I thought (and still think) the Metro team came with an appealing vision. And why shouldn’t they: Microsoft has the money to hire talented people. But this same vision likely causes a lot of internal opposition too.

    Publicity is a weapon in internal struggles. The fact that Metro now gets so much attention weakens the chances of proponents of the old desktop metaphor. Maybe – with the help of some Appleinsider publication – the Windows people might now even convince the Office people to finally start develop a credible tablet version;-)

    But in the end it is a sad story. The task of a ceo is to make sure that Metro-guys and Ribbon-guys put their effort in one shared strategy. There is some more work to do for Steve Ballmer, than having lunch with M&A Bankers, who try to sell him expensive companies.

  • duckie

    If they do bundle a “lite” Office with Win8 tablets it’s going to have to be a hell of a lot better than what they provided for Phone 7. With Word you can, um, change text fonts (a bit) and, erm, change text colours. And that’s about it. Wowzer.

  • Maniac

    @ John E re: “MS is kinda boxed in here.”

    Exactly. Apple has let the market set a low price for iOS apps. Just a few bucks. That works to Apple’s advantage. The App Store, with its vast number of high quality, affordable apps, is part of the massive ecosystem that adds value to Apple’s hardware. And Apple’s profits come mostly from their hardware sales.

    On the other hand, Microsoft needs to sell their software for as much as the market will bear. They’re a software company. But the market is expecting mobile apps to become cheaper and cheaper. Apple has set the price expectation, and it’s too low for Microsoft. That’s the second headache Ballmer has to deal with, and it’s the real killer.

    Ballmer says “we are rethinking and working hard on what it would mean to do Office Metro style.” Yes, the first problem wil be a huge engineering and design effort to make Office run on x86 and ARM and with a vastly different GUI. It’s huge, but it’s manageable.

    But the bigger long-term problem is economics. MS will burn up thousands of man years between now and late 2012 on the project. But will they make money on it after that? Doubtful. Small installed base + high development cost = red ink. There’s no way MS can sell their apps for more than Apple. Office can’t cost more than the iWork suite.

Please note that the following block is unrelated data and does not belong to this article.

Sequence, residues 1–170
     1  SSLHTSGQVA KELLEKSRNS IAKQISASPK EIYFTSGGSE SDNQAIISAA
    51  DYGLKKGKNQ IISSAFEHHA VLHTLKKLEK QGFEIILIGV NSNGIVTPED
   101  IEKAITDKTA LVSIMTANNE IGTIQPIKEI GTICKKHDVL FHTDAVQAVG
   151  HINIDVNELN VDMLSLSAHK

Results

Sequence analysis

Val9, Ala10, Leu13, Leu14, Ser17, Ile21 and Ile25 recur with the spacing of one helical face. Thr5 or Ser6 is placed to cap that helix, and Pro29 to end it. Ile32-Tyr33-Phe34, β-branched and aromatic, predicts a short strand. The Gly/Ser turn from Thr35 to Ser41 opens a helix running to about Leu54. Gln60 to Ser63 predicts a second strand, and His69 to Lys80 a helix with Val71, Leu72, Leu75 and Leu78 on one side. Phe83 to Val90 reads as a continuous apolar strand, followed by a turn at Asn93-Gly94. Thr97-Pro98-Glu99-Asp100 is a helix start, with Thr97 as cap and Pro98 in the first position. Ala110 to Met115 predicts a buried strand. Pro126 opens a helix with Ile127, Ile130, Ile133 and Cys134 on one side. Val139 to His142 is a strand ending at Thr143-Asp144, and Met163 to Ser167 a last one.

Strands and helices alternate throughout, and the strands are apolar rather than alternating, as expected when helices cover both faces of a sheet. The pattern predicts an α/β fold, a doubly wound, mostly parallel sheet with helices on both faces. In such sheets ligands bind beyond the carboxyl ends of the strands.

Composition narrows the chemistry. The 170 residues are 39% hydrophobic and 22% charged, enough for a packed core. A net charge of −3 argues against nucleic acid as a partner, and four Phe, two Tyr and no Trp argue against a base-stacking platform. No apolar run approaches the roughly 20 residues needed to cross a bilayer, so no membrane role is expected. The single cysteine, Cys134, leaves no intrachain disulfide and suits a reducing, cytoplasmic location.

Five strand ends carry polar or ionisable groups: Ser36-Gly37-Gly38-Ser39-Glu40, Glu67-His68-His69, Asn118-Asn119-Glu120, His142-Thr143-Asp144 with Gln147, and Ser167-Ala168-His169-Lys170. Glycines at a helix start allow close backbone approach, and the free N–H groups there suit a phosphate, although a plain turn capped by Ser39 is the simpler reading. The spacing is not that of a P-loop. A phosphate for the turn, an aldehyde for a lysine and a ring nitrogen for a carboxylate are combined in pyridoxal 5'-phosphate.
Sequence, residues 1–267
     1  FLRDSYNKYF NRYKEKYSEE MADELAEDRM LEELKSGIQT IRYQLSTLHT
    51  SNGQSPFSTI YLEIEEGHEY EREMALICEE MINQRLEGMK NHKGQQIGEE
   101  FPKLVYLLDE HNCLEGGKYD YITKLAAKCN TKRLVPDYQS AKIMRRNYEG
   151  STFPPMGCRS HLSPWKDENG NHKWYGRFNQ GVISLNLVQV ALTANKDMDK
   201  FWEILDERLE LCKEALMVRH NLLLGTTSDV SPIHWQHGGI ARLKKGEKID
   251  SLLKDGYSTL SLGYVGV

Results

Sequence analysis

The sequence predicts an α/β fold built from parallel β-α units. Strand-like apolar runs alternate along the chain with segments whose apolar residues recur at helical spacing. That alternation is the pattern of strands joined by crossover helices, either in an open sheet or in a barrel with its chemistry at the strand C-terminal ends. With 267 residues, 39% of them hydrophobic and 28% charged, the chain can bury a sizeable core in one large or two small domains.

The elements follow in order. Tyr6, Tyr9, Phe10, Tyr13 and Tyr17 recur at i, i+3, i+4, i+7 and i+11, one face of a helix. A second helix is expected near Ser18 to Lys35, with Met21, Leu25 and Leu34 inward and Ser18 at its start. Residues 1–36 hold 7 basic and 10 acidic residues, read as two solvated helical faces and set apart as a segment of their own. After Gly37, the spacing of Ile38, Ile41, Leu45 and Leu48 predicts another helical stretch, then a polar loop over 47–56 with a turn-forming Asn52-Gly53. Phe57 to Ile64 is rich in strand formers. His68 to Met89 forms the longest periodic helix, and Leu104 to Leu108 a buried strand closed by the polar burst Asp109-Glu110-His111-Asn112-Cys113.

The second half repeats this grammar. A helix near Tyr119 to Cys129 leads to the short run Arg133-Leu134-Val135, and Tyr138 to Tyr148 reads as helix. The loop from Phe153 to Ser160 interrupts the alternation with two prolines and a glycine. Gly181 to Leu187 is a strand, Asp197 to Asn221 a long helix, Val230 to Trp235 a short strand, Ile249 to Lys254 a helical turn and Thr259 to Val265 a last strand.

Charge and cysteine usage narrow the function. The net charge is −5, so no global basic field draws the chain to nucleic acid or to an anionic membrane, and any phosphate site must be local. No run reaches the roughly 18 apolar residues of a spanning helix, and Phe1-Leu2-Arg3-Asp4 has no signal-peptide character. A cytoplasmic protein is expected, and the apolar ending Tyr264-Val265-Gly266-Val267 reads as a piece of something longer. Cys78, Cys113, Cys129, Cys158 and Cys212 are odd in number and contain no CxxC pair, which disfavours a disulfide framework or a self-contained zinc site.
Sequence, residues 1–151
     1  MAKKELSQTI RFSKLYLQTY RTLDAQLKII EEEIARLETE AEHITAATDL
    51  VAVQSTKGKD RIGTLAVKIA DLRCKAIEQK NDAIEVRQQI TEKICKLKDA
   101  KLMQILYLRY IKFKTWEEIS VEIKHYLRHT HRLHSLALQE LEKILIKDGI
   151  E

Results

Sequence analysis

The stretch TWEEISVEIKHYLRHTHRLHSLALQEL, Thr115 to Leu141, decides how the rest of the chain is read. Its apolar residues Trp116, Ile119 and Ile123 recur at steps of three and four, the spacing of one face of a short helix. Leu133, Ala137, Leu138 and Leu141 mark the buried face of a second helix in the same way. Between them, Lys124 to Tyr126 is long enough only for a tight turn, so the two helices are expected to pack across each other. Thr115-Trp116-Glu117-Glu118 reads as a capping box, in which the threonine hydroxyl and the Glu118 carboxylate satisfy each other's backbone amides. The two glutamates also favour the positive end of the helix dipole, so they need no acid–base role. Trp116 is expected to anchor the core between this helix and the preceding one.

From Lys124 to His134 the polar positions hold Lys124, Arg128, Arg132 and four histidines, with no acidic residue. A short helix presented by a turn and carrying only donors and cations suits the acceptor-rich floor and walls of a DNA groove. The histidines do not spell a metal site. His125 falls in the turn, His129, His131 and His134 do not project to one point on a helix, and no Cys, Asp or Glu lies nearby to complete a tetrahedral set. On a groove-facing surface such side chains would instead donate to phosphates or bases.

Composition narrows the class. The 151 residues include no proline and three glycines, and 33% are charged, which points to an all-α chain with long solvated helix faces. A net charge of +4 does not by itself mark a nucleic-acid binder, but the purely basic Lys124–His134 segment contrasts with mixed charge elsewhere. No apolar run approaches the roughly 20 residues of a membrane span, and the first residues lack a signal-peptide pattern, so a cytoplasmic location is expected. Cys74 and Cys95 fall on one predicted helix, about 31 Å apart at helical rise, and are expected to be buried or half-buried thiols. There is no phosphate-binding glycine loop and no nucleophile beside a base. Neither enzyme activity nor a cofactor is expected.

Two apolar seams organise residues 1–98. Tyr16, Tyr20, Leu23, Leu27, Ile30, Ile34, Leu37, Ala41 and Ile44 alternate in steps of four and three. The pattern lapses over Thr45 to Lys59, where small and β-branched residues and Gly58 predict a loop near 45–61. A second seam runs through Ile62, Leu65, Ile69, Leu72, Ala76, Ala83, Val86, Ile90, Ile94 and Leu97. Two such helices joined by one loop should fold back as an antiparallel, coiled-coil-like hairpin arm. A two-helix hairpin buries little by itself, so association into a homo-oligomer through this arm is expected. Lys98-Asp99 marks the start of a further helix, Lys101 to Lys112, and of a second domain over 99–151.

And we’ve seen the price of traditional desktop OS apps drop too, thanks to the Mac App Store. Not to mention that OS X “Lion” itself is only $29. This is a scary trend for Microsoft. Good luck trying to maintain your margins, Ballmer.

  • SkyTree


    Thanks for the analysis. I think that you are able to offer a better insight into Microsoft’s risks and opportunities, and their future, than most “Windows Enthusiast” bloggers or even anyone inside Microsoft.

    As Berend Schotanus notes, Microsoft employs many brilliant people who suffer from “internal struggles” and a lack of vision from the top down.

    Perhaps the “Windows Enthusiast” bloggers who criticise you for what they view as an anti-Microsoft bias should ask themselves this: since Daniel Eran Dilger has been commenting on technology since the days when Microsoft was expected to succeed, and Apple was expected to fail, on all fronts, and since generally over the years after then the things that those bloggers expected Microsoft to succeed at and Apple to fail at have instead resulted in Microsoft failing and Apple succeeding, more or less as predicted by the DED analysis, what has DED been doing right that they have been doing wrong? Microsoft employees likewise.

    Meanwhile, as a consumer, I have not been keeping count, but I have spent a lot of money on Microsoft products over the years, including various Windows OS’s and Office software for both the Mac and Windows PC’s. If a version of Office had been available for the iPad I would probably have bought it. Instead I have been using the iWorks versions and learning the workarounds, including how to prepare Office files for a trip to the iPad. If it takes another year before Microsoft introduces a version of Office for the iPad, I probably won’t care enough to buy it.

    I believe that Microsoft probably has a great future, one that involves becoming a leader in business and server technology. Whether that future overlaps into the consumer space depends on how far it can extend the Office software to other platforms, such as the iPad. Does Microsoft have much of a future with the Windows OS? That is also a possibility, if the image presented by “Metro” can become a reality, and if it can be extended across the PC desktop, the tablet and the phone.

    It is not, however, a certainty.

    Keep up the critical viewpoint. If anyone at Microsoft has any sense, they will pay you for it. If not …………………..

  • jbarker71